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Nashville Sounds put away Louisville Bats, 9-3

 

Nashville SoundsNashville, TN – Nashville Sounds right-hander Bowden Francis did a little bit of everything to help the club to a 9-3 win over the Louisville Bats in front of a sellout crowd of 11,686 at First Horizon Park on Sunday night. It was the sixth-largest crowd in First Horizon Park history.

Francis limited the Bats to one run on three hits over six innings. He walked a pair of batters and struck out four in his fourth win in a Sounds uniform. For good measure, Francis collected a pair of infield singles at the plate.

The only run Francis allowed was a lead-off home run to Louisville second baseman Max Schrock. Only one Louisville batter made it to second base against Francis the rest of the way. 

Nashville Sounds Right-Hander Bowden Francis Throws Six Innings of One-Run Ball, Collects Two Hits at the Plate. (Nashville Sounds)

Nashville Sounds Right-Hander Bowden Francis Throws Six Innings of One-Run Ball, Collects Two Hits at the Plate. (Nashville Sounds)

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Marsha Blackburn Report: Celebrating Independence Day

 

U.S. SenateWashington, D.C. – This weekend, the greatest nation in the world marks its 245th birthday! I hope you’re able to celebrate the land of the free by spending time with family and honoring the brave men and women who have sacrificed so much for our country.

Preserving The Sanctity Of Life: For too long, the abortion industry has profited at the expense of the American taxpayer–despite 60% of Americans opposing the use of their hard-earned money to fund abortions.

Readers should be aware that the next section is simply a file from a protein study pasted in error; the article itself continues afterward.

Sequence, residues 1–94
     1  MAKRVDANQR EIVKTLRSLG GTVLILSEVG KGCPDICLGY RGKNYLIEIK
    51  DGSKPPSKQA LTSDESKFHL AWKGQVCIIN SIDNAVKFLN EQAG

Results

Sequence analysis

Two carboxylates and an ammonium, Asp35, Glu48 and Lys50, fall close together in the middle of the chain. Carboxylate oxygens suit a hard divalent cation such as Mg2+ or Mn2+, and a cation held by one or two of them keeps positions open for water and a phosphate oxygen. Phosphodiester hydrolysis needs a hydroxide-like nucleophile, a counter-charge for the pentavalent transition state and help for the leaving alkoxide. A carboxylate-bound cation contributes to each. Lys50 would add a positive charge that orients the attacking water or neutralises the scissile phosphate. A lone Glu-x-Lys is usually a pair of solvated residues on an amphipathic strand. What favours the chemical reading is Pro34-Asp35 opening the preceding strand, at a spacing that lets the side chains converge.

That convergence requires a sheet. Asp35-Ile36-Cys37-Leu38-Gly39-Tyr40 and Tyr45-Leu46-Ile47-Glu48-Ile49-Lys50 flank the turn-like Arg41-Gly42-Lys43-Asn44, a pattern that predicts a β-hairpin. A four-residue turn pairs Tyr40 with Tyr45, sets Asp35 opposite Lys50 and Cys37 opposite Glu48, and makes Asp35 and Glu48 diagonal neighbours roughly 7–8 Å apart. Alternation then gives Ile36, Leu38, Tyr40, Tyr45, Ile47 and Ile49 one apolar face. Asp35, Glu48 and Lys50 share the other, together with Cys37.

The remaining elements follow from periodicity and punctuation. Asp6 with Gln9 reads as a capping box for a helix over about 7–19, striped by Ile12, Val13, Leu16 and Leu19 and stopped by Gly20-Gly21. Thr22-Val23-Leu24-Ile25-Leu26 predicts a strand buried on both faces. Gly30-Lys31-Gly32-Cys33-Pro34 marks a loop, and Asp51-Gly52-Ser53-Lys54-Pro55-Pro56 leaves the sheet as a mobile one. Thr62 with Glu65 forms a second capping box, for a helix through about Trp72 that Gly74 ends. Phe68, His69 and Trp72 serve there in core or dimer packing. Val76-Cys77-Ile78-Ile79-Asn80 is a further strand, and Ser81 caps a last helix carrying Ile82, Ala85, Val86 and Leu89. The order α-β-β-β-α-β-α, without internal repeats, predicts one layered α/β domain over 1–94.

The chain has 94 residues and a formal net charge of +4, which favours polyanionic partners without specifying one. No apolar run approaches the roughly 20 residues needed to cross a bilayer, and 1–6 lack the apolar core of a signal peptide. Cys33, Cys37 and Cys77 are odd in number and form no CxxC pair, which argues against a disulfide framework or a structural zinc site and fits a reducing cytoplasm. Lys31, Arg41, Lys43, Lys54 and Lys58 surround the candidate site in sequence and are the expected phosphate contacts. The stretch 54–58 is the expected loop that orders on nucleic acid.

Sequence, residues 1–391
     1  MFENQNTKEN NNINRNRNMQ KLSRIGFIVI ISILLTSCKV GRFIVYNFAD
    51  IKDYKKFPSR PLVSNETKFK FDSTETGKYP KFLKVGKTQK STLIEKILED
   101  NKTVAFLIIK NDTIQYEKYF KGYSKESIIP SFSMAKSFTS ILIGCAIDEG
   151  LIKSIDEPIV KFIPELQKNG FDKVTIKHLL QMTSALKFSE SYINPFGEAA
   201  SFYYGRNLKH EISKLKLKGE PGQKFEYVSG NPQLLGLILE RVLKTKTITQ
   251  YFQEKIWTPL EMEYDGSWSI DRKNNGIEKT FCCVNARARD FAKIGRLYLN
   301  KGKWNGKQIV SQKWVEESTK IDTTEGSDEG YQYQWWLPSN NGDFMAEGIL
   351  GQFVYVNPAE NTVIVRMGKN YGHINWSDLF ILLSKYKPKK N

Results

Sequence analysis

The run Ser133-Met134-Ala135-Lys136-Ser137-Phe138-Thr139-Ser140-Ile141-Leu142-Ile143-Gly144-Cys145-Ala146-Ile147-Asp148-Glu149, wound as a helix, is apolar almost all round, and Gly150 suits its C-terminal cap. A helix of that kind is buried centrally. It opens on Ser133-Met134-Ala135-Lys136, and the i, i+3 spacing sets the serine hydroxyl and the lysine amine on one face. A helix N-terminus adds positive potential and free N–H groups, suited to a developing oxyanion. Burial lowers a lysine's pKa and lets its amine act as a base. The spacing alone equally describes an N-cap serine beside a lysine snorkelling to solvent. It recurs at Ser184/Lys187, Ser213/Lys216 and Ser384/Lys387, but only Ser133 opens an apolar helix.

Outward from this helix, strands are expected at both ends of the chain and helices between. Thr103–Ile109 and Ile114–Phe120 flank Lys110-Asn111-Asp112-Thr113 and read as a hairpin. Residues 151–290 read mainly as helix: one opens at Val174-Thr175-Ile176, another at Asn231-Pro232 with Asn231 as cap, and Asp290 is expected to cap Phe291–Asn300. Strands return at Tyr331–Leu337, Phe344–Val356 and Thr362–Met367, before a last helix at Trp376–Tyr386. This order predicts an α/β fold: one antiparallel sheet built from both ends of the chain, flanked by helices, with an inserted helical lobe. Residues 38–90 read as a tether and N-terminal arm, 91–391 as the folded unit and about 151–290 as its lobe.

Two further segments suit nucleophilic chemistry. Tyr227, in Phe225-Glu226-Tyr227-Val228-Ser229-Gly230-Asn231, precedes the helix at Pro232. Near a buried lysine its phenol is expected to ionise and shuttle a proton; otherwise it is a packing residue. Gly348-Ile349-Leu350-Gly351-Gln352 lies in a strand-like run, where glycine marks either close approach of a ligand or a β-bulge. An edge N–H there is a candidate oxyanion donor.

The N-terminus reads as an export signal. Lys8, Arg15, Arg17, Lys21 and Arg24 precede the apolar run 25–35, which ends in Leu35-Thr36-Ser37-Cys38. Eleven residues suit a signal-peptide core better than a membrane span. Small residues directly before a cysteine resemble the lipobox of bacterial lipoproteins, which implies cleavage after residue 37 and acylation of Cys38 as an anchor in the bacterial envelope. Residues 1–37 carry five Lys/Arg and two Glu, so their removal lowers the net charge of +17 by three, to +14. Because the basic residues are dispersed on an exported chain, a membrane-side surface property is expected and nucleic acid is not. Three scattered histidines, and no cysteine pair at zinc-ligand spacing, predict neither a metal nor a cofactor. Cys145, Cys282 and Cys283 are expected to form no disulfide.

Happy 4th of July «Read the rest of this article»

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Tennessee National Guard helps 1 Million Tennesseans get Vaccinated

 

Tennessee National GuardNashville, TN – As of July 1st, 2021, the Tennessee National Guard has helped administer over 1 million COVID-19 Coronavirus vaccinations throughout Tennessee since Operation Warp Speed began.

Tennessee’s Soldiers and Airmen have been working alongside the Tennessee Department of Health, Tennessee Emergency Management Agency, and various other agencies playing a vital role in planning and immunizing the citizens of Tennessee when the vaccine became available last November.

2nd Lt. David Wenger, a clinical nurse with the 134th Medical Group in Knoxville, administers a COVID-19 vaccine shot on May 2nd. (Tech. Sgt. Teri Eicher)

2nd Lt. David Wenger, a clinical nurse with the 134th Medical Group in Knoxville, administers a COVID-19 vaccine shot on May 2nd. (Tech. Sgt. Teri Eicher)

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TRWA announces Chris Richardson promoted to Deputy Director

 

Tennessee Wildlife Resources Agency - TWRANashville, TN – The Tennessee Wildlife Resources Agency (TWRA) has announced the promotion of Chris Richardson into the role of Deputy Director overseeing all business operations. He moves into his new role after serving as TWRA’s assistant director and legislative liaison.

As deputy director, Richardson will manage all business operations divisions within TWRA, providing leadership and guidance through the coordination of administrative support functions. He will also continue to represent the TWRA before the Tennessee Legislature and work with other governmental agencies at the state and local levels and with community outreach.

TWRA Deputy Director Chris Richardson

TWRA Deputy Director Chris Richardson

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Fort Campbell COVID-19 Vaccination efforts ranks 101st high among Department of Defense

 

Blanchfield Army Community Hospital